A large rock is placed in a gallery. Instructions for picking it up are posted next to it.

When the viewer attempts to pull the rock away from the center of the earth, it looks like nothing is happening – the rock is too heavy to be picked up, so the viewer, the rock and the planet remain immobile in their respective places. However, if you look at these three elements from a point of view of energy flow, quite a lot is happening. In thermodynamics terms, transfer of energy can be seen in heat emitted and work being done, and in fact the viewer is working as hard as he or she can. Work performed by a system is the energy transferred by the system to its surroundings. For example it can be measured as the force on an object that overcomes a resistive force. Here work is done by resisting the force of gravity and changing the potential energy of the rock. The rate at which work is performed is power.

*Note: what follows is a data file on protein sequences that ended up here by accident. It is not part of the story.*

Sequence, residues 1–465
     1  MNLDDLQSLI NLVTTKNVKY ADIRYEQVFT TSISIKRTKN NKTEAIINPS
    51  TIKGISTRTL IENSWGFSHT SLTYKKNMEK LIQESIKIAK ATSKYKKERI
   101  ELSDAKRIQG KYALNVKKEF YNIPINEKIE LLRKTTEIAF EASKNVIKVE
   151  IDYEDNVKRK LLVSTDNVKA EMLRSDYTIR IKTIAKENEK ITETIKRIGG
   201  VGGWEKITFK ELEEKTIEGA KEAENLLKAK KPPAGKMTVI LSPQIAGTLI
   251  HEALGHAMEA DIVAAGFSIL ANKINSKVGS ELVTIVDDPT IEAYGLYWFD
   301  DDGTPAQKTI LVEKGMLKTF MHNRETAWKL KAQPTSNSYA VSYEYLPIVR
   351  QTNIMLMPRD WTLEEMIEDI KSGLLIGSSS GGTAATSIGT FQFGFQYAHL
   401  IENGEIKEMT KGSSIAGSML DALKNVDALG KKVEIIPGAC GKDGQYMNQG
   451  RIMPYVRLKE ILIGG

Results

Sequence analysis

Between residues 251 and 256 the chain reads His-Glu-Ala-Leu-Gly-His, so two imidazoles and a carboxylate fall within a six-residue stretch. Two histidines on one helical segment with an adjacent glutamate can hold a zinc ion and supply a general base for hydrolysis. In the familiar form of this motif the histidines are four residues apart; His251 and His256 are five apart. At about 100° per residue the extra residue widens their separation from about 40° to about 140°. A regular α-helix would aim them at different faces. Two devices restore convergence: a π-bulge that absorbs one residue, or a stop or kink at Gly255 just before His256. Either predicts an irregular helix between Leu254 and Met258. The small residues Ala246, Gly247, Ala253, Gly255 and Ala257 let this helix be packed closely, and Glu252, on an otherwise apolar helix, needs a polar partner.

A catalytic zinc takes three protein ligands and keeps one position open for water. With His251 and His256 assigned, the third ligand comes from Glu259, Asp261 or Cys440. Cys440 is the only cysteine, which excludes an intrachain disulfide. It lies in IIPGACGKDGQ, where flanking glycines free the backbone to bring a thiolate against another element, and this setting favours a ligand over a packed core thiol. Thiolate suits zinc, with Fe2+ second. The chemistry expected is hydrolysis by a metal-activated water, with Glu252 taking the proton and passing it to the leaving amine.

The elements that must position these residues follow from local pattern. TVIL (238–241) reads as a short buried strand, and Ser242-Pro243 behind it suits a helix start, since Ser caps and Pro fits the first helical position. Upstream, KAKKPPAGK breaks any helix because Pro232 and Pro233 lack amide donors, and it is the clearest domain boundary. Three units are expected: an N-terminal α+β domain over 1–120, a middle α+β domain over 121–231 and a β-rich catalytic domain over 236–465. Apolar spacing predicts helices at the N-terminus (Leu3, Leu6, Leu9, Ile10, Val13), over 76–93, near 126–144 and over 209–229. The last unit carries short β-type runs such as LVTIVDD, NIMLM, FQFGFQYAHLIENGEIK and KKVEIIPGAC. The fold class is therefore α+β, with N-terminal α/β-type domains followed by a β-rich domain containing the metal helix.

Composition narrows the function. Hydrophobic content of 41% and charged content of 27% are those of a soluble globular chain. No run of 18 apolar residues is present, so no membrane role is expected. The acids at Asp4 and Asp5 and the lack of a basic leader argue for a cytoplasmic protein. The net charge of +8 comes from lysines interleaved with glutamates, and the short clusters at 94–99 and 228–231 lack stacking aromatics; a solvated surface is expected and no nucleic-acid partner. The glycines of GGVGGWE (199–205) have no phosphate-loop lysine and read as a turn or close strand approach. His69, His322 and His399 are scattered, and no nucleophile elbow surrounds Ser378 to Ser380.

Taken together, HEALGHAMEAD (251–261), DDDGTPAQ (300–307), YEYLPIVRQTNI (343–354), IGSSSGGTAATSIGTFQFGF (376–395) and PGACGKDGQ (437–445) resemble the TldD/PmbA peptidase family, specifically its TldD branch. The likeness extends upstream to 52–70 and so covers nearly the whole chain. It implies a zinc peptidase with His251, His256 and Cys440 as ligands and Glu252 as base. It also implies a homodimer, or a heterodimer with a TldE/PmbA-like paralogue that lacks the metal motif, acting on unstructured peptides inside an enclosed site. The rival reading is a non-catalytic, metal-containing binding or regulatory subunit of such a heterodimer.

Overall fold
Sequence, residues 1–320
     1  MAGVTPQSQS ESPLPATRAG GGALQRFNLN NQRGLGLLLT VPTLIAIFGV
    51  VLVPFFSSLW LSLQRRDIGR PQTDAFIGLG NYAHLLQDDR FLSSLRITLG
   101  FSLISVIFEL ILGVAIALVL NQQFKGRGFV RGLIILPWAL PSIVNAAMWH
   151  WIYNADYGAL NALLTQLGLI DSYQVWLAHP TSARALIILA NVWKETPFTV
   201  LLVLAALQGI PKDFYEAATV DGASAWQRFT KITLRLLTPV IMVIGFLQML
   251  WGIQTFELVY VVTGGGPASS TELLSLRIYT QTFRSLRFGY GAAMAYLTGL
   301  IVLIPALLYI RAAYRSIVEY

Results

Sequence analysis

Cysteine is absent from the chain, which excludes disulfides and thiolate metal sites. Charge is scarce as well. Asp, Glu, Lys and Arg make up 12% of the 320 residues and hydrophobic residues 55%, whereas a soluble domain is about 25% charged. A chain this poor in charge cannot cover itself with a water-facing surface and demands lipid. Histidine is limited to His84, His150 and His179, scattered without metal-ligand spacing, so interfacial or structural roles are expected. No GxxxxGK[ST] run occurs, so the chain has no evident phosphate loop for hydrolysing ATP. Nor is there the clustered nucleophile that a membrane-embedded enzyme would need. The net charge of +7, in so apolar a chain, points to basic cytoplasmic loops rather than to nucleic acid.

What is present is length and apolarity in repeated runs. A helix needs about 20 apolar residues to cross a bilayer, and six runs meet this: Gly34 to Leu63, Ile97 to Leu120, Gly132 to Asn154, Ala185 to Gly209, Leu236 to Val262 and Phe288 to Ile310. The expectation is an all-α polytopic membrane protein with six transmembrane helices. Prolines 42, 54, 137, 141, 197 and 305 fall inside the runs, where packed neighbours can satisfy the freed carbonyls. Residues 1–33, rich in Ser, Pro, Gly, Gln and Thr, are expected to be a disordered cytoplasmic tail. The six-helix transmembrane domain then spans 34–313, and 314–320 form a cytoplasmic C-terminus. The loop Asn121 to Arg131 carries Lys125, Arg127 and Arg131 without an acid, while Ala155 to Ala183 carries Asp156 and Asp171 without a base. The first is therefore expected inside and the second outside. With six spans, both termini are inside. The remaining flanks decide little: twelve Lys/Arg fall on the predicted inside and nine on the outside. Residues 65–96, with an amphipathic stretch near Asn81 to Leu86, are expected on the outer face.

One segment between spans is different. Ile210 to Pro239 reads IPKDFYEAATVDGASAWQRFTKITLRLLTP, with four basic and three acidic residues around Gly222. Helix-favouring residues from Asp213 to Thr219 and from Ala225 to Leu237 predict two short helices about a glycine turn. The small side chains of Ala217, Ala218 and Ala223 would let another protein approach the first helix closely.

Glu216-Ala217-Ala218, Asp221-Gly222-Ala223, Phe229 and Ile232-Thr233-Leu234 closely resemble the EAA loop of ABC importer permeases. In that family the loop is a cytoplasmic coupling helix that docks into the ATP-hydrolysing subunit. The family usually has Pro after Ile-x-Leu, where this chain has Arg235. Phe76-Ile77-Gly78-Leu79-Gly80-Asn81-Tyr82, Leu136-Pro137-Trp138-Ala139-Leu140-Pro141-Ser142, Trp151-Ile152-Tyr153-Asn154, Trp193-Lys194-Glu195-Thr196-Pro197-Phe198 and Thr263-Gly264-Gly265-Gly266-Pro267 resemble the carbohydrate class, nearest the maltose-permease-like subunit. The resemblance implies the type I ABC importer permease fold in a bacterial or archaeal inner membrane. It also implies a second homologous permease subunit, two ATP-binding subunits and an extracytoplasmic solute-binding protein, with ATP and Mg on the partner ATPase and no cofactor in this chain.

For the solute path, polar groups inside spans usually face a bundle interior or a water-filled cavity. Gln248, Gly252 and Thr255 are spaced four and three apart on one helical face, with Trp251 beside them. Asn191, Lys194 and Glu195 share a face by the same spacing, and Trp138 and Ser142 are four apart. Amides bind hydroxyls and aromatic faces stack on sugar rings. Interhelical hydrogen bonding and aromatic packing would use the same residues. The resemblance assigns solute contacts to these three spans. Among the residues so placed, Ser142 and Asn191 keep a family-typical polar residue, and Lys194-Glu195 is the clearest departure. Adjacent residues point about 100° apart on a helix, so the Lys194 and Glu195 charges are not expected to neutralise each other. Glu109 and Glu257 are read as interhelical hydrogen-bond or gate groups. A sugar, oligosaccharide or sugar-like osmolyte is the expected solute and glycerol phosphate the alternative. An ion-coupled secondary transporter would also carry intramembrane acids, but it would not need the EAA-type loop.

Energy is one of the most fundamental and universal concepts of physical science, but one that is remarkably difficult to define in a way that is meaningful to most people. This perhaps reflects the fact that energy is not a “thing” that exists by itself, but is rather an attribute of matter that can manifest itself in different ways. It can be observed and measured only indirectly through its effects on matter that acquires, loses, or possesses it.